Anf-03 iv.xi.xv Pg 12
    Matt. v. 28.

    —then both points are cleared fully up, that there is a directing faculty of the soul, with which the purpose of God may agree; in other words, a supreme principle of intelligence and vitality (for where there is intelligence, there must be vitality), and that it resides in that most precious part1593

    1593 In eo thesauro.

    of our body to which God especially looks:  so that you must not suppose, with Heraclitus, that this sovereign faculty of which we are treating is moved by some external force; nor with Moschion,1594

    1594 Not Suidas’ philosopher of that name, but a renowned physician mentioned by Galen and Pliny (Oehler).

    that it floats about through the whole body; nor with Plato, that it is enclosed in the head; nor with Zenophanes, that it culminates in the crown of the head; nor that it reposes in the brain, according to the opinion of Hippocrates; nor around the basis of the brain, as Herophilus thought; nor in the membranes thereof, as Strato and Erasistratus said; nor in the space between the eyebrows, as Strato the physician held; nor within the enclosure1595

    1595 Lorica.

    of the breast, according to Epicurus:  but rather, as the Egyptians have always taught, especially such of them as were accounted the expounders of sacred truths;1596

    1596 The Egyptian hierophants.

    in accordance, too, with that verse of Orpheus or Empedocles:


    Anf-03 v.viii.xv Pg 4
    Matt. v. 28.

    So that even the thought, without operation and without effect, is an act of the flesh.  But if you allow that the faculty which rules the senses, and which they call Hegemonikon,7373

    7373 The leading power.

    has its sanctuary in the brain, or in the interval between the eyebrows, or wheresoever the philosophers are pleased to locate it, the flesh will still be the thinking place of the soul. The soul is never without the flesh, as long as it is in the flesh. There is nothing which the flesh does not transact in company with the soul, when without it it does not exist. Consider carefully, too, whether the thoughts are not administered by the flesh, since it is through the flesh that they are distinguished and known externally. Let the soul only meditate some design, the face gives the indication—the face being the mirror of all our intentions.  They may deny all combination in acts, but they cannot gainsay their co-operation in thoughts. Still they enumerate the sins of the flesh; surely, then, for its sinful conduct it must be consigned to punishment. But we, moreover, allege against them the virtues of the flesh; surely also for its virtuous conduct it deserves a future reward. Again, as it is the soul which acts and impels us in all we do, so it is the function of the flesh to render obedience. Now we are not permitted to suppose that God is either unjust or idle.  Unjust, (however He would be,) were He to exclude from reward the flesh which is associated in good works; and idle, were He to exempt it from punishment, when it has been an accomplice in evil deeds: whereas human judgment is deemed to be the more perfect, when it discovers the agents in every deed, and neither spares the guilty nor grudges the virtuous their full share of either punishment or praise with the principals who employed their services.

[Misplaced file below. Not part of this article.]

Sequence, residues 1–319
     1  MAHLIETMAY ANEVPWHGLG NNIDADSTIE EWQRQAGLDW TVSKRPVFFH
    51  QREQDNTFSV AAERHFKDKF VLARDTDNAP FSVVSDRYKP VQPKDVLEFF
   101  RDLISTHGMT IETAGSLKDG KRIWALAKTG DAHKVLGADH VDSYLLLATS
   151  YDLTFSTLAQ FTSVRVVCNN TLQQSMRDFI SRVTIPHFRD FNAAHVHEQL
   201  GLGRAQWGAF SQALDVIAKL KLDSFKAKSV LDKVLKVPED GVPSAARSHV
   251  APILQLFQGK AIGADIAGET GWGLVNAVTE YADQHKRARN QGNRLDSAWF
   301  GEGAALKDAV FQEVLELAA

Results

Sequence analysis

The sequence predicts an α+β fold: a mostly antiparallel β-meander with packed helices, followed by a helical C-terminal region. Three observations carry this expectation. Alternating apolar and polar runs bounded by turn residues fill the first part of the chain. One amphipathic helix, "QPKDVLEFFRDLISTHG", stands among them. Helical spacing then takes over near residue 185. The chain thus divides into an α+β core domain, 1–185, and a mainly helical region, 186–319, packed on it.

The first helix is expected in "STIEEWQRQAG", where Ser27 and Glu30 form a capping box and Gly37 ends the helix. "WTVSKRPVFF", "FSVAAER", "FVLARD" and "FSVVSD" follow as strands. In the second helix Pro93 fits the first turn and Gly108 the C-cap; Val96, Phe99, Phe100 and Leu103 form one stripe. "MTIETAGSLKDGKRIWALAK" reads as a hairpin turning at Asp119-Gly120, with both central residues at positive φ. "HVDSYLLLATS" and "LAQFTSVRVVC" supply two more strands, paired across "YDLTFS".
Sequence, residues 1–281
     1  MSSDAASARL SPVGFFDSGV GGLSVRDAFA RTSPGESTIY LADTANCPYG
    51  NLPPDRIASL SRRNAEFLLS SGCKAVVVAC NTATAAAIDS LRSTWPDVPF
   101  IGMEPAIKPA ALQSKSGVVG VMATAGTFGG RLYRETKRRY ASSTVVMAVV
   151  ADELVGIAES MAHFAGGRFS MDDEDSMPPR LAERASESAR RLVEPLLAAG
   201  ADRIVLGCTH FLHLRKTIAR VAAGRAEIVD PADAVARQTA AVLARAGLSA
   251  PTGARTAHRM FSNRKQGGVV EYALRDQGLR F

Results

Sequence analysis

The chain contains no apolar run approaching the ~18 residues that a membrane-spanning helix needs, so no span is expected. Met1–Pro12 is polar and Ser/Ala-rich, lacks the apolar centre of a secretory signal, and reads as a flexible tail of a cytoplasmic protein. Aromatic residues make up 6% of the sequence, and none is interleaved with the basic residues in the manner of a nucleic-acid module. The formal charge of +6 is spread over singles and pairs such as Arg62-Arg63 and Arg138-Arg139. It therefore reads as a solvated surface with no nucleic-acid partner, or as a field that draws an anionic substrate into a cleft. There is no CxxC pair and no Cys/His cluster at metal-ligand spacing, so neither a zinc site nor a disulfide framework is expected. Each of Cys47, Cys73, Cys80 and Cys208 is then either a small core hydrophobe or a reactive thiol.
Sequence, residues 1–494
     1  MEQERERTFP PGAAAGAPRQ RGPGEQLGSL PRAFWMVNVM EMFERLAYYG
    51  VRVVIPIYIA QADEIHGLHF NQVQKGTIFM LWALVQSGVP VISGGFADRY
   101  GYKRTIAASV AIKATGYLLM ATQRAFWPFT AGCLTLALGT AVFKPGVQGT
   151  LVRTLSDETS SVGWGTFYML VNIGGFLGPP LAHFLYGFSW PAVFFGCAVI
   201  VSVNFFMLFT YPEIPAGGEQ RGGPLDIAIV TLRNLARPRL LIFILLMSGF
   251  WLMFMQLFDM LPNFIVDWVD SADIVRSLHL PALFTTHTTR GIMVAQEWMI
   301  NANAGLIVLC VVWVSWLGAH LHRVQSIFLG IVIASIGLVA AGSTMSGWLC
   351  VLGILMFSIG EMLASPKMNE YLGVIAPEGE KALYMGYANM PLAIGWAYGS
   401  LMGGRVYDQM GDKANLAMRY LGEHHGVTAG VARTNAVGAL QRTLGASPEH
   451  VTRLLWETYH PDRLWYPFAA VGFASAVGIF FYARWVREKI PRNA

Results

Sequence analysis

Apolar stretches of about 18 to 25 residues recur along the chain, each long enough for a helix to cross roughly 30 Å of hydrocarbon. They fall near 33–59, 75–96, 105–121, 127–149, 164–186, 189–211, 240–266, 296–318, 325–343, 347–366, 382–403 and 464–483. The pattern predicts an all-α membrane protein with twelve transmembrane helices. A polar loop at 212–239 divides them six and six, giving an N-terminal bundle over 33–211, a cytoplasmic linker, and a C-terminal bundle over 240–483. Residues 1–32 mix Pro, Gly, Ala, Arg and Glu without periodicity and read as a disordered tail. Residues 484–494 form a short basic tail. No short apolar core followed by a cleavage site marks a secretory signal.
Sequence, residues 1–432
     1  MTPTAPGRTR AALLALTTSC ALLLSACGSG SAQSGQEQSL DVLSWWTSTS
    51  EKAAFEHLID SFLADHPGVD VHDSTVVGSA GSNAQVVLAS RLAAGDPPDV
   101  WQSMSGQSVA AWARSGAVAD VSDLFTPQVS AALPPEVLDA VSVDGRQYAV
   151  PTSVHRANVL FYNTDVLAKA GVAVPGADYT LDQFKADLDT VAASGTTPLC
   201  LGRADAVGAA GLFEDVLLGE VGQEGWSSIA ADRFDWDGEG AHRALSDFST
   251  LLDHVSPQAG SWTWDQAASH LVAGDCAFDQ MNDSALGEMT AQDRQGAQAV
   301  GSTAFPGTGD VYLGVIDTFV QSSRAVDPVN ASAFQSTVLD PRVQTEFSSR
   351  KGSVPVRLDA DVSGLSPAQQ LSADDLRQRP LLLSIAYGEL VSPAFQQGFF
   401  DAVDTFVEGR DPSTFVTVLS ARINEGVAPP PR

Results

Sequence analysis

Anf-01 viii.ii.xv Pg 3
    Matt. v. 28, 29; 32.

    And, “There are some who have been made eunuchs of men, and some who were born eunuchs, and some who have made themselves eunuchs for the kingdom of heaven’s sake; but all cannot receive this saying.”1787

    1787


    Anf-02 vi.iii.iii.xi Pg 66.3


    Anf-03 v.iv.v.xix Pg 31
    Matt. x. 37.

    Besides,4213

    4213 Ceterum.

    His admission of His mother and His brethren was the more express, from the fact of His unwillingness to acknowledge them.  That He adopted others only confirmed those in their relationship to Him whom He refused because of their offence, and for whom He substituted the others, not as being truer relatives, but worthier ones. Finally, it was no great matter if He did prefer to kindred (that) faith which it4214

    4214 i.e., the kindred. [N.B. He includes the Mother!]

    did not possess.4215